Who is she? Who is she? This whispered question echoed around the auditorium as the audience filed out of the Sunday matinee preview of Educating Rita, part of the Willy Russell season at the Menier Chocolate Factory.
“She” is Laura Dos Santos. Previous theatre credits include: We Will Be Gone (Camden People’s Theatre), Look Back In Anger (Jermyn Street), Stags And Hens (Royal Court Liverpool), On The Middle Day (Old Vic), In Your Hands (New End Theatre) and The Morris (Liverpool Everyman)*.
No, we were none the wiser either but it’s extremely unlikely anyone will be asking “Who is she?” for long. For Miss Dos Santos has seized the part of Rita from our memory of Julie Walters’ grasp and inhabited it so completely and confidently and with such comic and dramatic aplomb that no-one in the auditorium could do much more than ask to each other blankly “Who is she?” in disbelief that she isn’t already a household name.
Poor Larry Lamb – we all know who he is (Mick in Gavin & Stacey, Archie in EastEnders and, of course Matt Taylor in the classic 1981-1983 BBC TV series Triangle). He delivers a wonderfully convincing performance as Frank, Rita’s Open University tutor and ex-poet but we know who he is. But her. Who is she?
Educating Rita is about a 29 year old Liverpool’s hairdresser’s determination to learn about art and literature and her journey away from her old life and into maxi-skirts. It is here delivered non-stop (apart from brief scene transitions) in 1 hour 40 minutes on a single, extremely well dressed tutor’s office set by Peter McKintosh.
And like Shirley Valentine, viewed by the Whingers the day before Rita, it stands the test of time and shows Russell’s writing to be sharp, funny, touching and tremendously entertaining although we suspect that Russell may have rewritten some of it specifically with the Whingers in mind. Rita’s attempts at criticism could save us an awful lot of time: on Forster’s Howards End (“It’s crapper than crap”), on T. S. Eliot (“his poems are dead long”) and on W.B. Yeats (“the wine lodge?”). And is Frank actually an amalgam of Andrew and Phil? “One is never bored or boring when drinking,” he announces; his reaction to an invitation from Rita: “God, I detest the theatre”. On the other hand, he does admonish Rita with the reproach that “in criticism there is no room for the subjective” which – if heeded – would make West End Whingers reviews short enough to publish through Twitter.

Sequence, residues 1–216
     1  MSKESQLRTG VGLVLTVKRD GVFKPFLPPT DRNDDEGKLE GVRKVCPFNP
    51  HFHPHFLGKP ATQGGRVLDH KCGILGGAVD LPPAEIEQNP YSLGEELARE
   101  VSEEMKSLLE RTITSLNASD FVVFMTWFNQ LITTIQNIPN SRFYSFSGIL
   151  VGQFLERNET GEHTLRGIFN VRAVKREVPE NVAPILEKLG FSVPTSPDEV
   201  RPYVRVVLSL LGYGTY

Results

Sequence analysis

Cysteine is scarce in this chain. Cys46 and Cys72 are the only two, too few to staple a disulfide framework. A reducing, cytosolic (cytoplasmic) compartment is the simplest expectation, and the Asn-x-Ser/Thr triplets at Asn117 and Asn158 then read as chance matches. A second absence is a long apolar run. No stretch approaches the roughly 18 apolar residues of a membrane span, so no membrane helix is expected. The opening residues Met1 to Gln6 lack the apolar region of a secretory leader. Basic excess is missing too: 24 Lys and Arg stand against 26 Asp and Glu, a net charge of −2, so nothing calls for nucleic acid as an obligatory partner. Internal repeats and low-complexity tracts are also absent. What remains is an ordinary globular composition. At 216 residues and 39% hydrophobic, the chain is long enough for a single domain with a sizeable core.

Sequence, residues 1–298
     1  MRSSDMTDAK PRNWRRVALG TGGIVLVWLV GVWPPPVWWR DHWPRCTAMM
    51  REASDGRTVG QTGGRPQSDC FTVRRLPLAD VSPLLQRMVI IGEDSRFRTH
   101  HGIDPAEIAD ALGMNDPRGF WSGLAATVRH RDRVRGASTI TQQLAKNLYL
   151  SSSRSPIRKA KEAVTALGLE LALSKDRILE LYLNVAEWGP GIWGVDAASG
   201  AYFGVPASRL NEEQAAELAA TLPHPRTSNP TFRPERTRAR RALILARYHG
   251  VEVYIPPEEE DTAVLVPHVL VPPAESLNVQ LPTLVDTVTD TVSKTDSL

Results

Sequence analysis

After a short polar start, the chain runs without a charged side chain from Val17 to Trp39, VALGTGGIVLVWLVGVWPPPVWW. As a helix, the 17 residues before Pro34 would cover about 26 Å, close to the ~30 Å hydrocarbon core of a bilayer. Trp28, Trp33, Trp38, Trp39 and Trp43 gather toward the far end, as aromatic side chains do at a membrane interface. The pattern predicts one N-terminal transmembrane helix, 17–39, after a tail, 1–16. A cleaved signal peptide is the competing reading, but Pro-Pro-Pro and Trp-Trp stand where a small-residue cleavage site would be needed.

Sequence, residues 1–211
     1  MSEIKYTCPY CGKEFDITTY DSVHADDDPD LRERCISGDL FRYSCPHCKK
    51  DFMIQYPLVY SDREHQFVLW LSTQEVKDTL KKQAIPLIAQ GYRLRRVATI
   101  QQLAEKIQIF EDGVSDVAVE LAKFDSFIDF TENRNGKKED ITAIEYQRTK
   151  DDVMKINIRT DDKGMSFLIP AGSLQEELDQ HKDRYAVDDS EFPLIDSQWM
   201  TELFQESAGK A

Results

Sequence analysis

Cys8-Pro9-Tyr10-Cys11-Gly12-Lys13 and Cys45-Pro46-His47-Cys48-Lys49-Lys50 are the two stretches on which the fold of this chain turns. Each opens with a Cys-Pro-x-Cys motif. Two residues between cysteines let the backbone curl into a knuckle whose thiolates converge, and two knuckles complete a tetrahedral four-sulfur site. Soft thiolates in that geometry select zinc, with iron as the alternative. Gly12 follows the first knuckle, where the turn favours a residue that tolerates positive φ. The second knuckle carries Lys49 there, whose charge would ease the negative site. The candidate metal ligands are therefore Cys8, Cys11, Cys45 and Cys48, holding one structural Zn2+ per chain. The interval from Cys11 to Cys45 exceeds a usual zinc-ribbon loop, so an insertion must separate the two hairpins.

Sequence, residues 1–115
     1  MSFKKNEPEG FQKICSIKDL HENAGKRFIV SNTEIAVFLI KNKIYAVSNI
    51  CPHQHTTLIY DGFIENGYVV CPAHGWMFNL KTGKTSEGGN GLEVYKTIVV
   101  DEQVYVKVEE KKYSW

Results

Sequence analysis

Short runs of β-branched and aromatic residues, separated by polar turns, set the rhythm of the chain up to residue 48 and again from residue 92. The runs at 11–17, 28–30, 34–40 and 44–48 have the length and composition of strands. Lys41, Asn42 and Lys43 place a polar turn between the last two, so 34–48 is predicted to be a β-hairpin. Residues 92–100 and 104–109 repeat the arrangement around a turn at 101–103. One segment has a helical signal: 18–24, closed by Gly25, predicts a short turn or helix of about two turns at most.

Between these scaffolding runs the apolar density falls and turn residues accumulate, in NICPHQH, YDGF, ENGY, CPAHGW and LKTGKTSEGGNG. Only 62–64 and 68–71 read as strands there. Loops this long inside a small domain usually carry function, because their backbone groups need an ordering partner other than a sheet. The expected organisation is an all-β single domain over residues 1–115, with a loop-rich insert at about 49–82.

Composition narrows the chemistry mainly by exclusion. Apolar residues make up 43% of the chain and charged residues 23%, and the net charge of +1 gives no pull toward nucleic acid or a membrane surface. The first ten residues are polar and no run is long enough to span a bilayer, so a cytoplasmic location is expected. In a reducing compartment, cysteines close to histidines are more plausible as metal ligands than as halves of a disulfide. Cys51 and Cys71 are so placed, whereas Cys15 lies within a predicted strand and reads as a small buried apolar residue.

There was no detesting the theatre at this Sunday afternoon preview. Director Jeremy Sams keeps it all nicely compact and everything was very to the Whingers’ tastes. Our conclusion from this Willy Russell “season” is that he writes, warm, human. optimistic and – to the modern eye – probably rather old fashioned plays but as the Whingers don’t have a modern eye between them, that really wasn’t an impediment to enjoyment and they found ER absorbing and entertaining.
And having rested their tired old bottoms on them for a second time the Whingers can confirm that the Menier’s new benches are much more comfortable.
AND all this enthusiasm was without the aid of alcohol AND the Whingers even managed not to be bored (or too boring).**
*Dos Santos played Rita to Bill Nighy’s Frank in a radio version for the BBC last year.
** The Whingers were recovering from the previous night at the Show Off Piano Bar where they’d sustained themselves on copious Netherlander courage, knowing that the audience would demand a reprise of their now legendary and – dare we say – definitive “Oom Pah Pah”.